First there were corsets that made the Victorian women the epitome of desire.
So narrow was the average waist-size that Benjamin Orange Flower, a popular American journalist had warned that “If women will continue this destructive habit, the race must inevitably deteriorate.”
Despite feminism, suffragettes, bra burning protests; two centuries later, the world still seems to be stuck in the somewhat precarious ideas of feminine fashion.
The latest trend for a ‘desirable’ body is one where a woman’s rib-cage is seen protruding and the so-called trend is taking social media by storm.
(Instagram: Bella Hadid)
Instagram celebrities, supermodels, female icons are all contributing to this fad by sharing ‘rib’-popping pictures on social media which seems disturbing to health experts who can’t fathom why young girls would do it.
To be skinny, as skinny as their favourite stars are and form part of this culture, women are becoming anorexic.
“These fads are extensions of anorexia nervosa, which is a is psychological and life-threatening disease generally seen in young women and occasionally in young men also. The symptoms of anorexia are a fixation on having and maintaining a thin body resulting in self-starvation, patients induce vomiting by sticking their fingers in their mouth, eat very little and avoid eating by repeatedly saying that they are full,” says Dr. Prerna Kohli, a leading psychologist.
(Instagram: Emily Ratajwoski)
Dr. Gowri Kulkarni, a DNB in psychiatry feels the trend can have dangerous physical implications.
“Sadly, beauty trends for women are mostly about ‘the smaller, the better’ appropriated into ‘looking beautiful’. But what is lost in the bargain is a healthy mind, body and soul. Physical implications like loss of hair, weakening of bones and muscles are not all. Starving may lead to anorexia, loss of hemoglobin and oxygen putting all the pressure on the heart to survive, It is not healthy at all.”
Is ribcage bragging taking the cult of skinny to a new low?
Deepali Mathur - Founder & CEO of Elysian Hues said: "Young girls working out and starving themselves for that perfect shot should rather focus on waist-to-hip ratio, their nutrient consumption, their sleep patterns, and their overall wellness."
We too have come across many attention-seeking young models that are following this trend just for the sake of bikini-posing, while the photographers are having a hard time finding the perfect angle, she added.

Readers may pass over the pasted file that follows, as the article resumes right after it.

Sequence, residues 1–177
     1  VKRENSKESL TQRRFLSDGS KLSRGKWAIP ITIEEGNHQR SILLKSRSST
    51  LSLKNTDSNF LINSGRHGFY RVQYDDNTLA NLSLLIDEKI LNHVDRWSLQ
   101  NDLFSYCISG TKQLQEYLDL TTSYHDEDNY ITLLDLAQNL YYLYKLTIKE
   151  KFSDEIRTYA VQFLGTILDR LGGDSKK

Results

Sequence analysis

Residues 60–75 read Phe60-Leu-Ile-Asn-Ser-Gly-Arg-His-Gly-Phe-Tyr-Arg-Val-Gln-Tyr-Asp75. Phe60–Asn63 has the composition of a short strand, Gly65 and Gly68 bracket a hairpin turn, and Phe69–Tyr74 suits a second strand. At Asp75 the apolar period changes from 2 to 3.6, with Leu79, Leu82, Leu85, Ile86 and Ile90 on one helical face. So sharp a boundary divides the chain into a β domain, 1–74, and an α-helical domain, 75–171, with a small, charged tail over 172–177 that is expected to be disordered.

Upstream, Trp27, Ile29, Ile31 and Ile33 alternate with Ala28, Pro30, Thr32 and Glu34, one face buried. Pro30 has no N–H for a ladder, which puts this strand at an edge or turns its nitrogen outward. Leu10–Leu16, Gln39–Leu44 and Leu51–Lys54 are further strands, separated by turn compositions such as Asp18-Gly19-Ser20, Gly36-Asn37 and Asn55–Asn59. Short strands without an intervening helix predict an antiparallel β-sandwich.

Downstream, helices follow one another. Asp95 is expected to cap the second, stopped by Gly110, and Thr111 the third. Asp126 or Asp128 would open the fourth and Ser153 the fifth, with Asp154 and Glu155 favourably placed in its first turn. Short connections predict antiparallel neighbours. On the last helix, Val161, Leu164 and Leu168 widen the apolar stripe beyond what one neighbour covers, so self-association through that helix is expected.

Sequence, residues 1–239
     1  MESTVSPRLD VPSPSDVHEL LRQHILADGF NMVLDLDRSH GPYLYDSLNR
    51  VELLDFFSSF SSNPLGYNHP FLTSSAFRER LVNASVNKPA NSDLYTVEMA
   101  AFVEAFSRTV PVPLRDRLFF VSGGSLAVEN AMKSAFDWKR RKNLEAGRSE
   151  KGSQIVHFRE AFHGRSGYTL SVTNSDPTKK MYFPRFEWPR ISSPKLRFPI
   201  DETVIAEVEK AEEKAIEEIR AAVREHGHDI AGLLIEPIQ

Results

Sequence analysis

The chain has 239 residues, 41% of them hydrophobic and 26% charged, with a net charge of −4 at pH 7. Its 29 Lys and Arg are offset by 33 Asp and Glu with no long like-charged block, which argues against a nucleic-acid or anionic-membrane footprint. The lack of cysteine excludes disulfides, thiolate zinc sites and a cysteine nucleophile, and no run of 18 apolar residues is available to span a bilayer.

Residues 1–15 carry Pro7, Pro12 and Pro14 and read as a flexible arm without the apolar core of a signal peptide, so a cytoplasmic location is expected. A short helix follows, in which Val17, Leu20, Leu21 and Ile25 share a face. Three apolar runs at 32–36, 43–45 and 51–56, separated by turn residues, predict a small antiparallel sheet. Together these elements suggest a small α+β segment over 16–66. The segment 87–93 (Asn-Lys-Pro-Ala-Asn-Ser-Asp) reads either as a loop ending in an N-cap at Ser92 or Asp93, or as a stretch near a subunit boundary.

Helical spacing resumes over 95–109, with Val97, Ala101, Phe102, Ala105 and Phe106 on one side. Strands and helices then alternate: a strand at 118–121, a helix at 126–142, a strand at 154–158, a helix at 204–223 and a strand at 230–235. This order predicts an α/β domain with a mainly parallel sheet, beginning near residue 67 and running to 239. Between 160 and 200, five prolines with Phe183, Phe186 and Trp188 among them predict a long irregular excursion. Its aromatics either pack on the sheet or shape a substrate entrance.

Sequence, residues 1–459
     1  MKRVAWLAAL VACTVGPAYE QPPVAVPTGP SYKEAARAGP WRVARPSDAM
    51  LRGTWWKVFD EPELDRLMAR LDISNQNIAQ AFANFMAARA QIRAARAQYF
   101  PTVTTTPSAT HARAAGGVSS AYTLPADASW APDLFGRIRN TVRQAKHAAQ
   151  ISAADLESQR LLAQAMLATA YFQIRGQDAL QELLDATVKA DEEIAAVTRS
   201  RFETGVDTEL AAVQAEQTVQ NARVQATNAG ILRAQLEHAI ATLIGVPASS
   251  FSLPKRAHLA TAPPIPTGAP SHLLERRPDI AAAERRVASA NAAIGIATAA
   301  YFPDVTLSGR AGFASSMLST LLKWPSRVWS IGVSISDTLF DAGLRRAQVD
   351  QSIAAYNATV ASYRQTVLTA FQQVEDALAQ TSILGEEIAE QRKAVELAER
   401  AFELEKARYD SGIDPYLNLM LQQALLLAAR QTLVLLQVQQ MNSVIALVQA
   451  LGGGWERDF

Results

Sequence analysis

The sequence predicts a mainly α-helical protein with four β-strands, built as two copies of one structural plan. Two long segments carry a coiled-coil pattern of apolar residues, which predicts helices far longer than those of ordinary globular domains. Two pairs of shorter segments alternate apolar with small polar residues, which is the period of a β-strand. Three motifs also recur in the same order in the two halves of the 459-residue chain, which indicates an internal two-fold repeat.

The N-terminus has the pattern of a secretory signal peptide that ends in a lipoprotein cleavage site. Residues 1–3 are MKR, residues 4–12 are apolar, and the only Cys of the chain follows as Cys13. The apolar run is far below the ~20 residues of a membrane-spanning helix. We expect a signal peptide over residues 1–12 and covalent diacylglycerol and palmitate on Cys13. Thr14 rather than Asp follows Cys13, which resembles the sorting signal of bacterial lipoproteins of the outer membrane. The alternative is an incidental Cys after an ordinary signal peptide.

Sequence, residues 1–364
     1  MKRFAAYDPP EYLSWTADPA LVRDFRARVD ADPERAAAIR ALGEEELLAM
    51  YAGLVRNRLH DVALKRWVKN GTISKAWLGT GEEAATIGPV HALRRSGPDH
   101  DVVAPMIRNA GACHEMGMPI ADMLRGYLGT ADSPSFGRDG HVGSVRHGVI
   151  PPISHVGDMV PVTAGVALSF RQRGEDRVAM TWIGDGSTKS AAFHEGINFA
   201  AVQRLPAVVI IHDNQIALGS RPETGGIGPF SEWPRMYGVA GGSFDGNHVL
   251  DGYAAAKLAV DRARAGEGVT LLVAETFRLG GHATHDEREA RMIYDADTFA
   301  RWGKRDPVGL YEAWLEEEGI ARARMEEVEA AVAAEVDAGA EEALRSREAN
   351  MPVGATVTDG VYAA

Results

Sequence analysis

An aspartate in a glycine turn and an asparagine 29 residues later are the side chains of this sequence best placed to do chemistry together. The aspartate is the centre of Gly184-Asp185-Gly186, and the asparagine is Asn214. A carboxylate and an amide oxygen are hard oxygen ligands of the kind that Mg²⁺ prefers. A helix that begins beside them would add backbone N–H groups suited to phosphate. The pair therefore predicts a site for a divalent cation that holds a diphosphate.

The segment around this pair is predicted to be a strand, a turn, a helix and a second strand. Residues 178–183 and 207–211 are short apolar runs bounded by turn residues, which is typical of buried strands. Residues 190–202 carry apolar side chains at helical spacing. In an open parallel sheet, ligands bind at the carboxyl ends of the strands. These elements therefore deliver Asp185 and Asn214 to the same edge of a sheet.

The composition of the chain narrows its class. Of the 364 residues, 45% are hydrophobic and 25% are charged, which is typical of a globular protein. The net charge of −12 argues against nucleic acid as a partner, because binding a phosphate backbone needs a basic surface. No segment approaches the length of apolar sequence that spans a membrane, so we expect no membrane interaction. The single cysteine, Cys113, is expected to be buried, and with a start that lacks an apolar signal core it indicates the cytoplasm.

(Instagram: Kourtney Kardarshian)
Psychologists feel it stems from a growing insecurity and a lack of self-esteem in a person who is constantly trying to cope with the prevalent ‘trends’ to fit in, to be acknowledged as ‘one of us’ and not as ‘the other’ in a society that is bracketing beauty standards and becoming increasing hostile to one who stands outside it.
Says Dr. S.Sudarsanan, a psychologist at the Venkateshwar Hospital: “These are young girls who need to be psychologically assessed. Starving yourself to achieve a body ‘in trend’ is a sign of depression, low self esteem ultimately leading to anorexia and eating disorders” and feels such trends should be discouraged by fashion companies who are instead complacent in this life threatening fad.
Kohli echoes the same sentiment. “As a society we have to condemn and not glorify rib-cage bragging” and follow the example of other parts of the world such as France where extremely thin models aren’t allowed. Friends and family of those who are suffering from anorexia or bulimia need to be alert and provide appropriate counseling and guidance instead of encouraging ribcage bragging, she says.
Beauty norms are notoriously known to incline towards the unrealistic Barbie stereotype and mannequin -like appearances which are standardized as ‘desirable’. It also reeks of sexism.
“We live in a society where there is extreme pressure on young women to look a certain way, and those who don't are bullied, leading to them succumbing to eating disorders and more” says fashion blogger Nandini Swaminathan.
“Also, it's damned if you do and damned if you don't. What’s more worrying is that the same standards are never applied to men so it's extremely sexist too,” she says.
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